Call 855-808-4530 or email [email protected] to receive your discount on a new subscription.
Under the federal mail and wire fraud statutes, it is a crime to “obtain money or property by means of false or fraudulent pretenses, representations, or promises,” or to deprive someone of the “intangible right of honest services.” 18 U.S.C. §§1341, 1343, 1346. The scope of these prohibitions has expanded over time. This expansion has been met with infrequent, but significant, pushback from the courts. Perhaps most prominent is the line of Supreme Court decisions which initially resisted and later narrowed the scope of “honest services” fraud. See, McNally v. United States, 483 U.S. 350 (1987); Skilling v. United States, 130 S. Ct. 2896 (2010); McDonnell v. United States, 136 S. Ct. 2355 (2016).
*May exclude premium content
By Jonathan S. Feld and Lisa M. Burnett
The attorney-client privilege is a critical component in the legal process but its protection is constantly being challenged in complicated corporate investigations. There are measures that attorneys should, where possible, take steps to mitigate the risk of losing the privilege.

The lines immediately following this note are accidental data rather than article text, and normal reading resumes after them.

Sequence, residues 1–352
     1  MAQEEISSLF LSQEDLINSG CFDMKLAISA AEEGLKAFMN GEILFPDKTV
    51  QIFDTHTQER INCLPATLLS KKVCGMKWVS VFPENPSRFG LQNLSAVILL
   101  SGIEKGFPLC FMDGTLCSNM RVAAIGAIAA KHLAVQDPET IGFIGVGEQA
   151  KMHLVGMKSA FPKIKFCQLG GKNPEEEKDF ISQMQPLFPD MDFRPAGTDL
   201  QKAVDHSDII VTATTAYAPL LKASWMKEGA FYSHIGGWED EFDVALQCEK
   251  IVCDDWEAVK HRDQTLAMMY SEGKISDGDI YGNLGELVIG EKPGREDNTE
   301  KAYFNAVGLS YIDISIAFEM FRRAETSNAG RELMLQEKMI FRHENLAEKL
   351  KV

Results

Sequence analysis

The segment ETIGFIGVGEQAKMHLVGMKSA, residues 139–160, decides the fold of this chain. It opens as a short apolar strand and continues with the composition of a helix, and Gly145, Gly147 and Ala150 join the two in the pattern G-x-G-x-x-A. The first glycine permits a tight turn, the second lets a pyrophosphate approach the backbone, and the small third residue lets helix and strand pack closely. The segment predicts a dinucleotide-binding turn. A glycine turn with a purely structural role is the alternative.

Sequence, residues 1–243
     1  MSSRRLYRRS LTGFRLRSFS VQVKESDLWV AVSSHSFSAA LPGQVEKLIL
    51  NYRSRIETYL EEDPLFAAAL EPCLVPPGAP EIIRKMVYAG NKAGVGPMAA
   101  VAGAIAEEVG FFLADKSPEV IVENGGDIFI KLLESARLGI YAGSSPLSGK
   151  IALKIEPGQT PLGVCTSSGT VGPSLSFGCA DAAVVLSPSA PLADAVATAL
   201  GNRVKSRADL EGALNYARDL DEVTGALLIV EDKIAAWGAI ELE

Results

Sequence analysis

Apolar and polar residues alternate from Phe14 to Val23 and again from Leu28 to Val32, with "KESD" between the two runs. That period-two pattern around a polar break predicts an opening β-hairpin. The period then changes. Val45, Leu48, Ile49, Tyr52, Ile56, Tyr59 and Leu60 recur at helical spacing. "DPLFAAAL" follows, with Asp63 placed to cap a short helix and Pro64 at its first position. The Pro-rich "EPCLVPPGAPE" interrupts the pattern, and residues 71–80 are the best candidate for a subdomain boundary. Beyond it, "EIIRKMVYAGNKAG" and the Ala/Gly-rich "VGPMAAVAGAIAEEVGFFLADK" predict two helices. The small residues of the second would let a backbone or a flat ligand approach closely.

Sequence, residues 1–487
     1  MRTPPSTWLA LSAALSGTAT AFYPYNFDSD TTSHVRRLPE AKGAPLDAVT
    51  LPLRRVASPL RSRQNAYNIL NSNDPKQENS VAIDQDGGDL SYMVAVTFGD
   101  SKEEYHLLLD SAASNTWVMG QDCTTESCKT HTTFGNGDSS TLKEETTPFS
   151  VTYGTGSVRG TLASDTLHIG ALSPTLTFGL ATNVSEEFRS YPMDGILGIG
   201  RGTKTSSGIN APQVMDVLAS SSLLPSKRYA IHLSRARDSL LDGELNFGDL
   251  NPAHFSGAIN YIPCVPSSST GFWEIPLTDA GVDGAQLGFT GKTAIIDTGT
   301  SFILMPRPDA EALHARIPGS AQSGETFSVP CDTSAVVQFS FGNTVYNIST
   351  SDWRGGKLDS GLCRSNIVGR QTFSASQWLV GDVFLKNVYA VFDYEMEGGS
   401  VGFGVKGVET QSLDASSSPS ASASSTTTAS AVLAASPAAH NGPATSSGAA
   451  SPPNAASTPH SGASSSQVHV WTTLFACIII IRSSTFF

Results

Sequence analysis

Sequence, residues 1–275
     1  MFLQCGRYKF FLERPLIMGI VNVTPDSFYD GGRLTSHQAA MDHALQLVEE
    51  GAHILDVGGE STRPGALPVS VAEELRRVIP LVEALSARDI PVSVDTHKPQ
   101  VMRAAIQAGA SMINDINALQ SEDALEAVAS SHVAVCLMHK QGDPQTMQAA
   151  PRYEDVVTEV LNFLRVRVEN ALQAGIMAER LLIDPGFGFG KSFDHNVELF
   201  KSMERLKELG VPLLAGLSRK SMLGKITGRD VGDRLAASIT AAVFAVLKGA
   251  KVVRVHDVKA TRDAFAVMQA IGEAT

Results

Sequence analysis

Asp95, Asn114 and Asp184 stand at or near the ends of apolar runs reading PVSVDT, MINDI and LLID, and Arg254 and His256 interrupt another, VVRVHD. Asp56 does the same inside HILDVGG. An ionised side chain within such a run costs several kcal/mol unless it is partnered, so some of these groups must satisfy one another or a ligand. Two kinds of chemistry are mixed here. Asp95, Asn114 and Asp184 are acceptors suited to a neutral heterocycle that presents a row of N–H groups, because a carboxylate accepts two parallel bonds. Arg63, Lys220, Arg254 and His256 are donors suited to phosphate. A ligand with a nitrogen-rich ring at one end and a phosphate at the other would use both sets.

By Evan T. Barr
This article explores the law on selective prosecution and why, despite the long odds against success, it may still make sense from a defense perspective to assert the claim.
By Isha Marathe
The Federal Trade Commission, under its current chairperson Lina Khan, has released a flurry of press releases and blogs in recent months signaling at a focused commercial surveillance “crackdown.”
By Andrew Goudsward
The U.S. Securities and Exchange Commission’s widely hailed whistleblower program has paid millions in recent years to former SEC lawyers who have come to dominate the market for representing tipsters seeking payouts through the program, a new study found.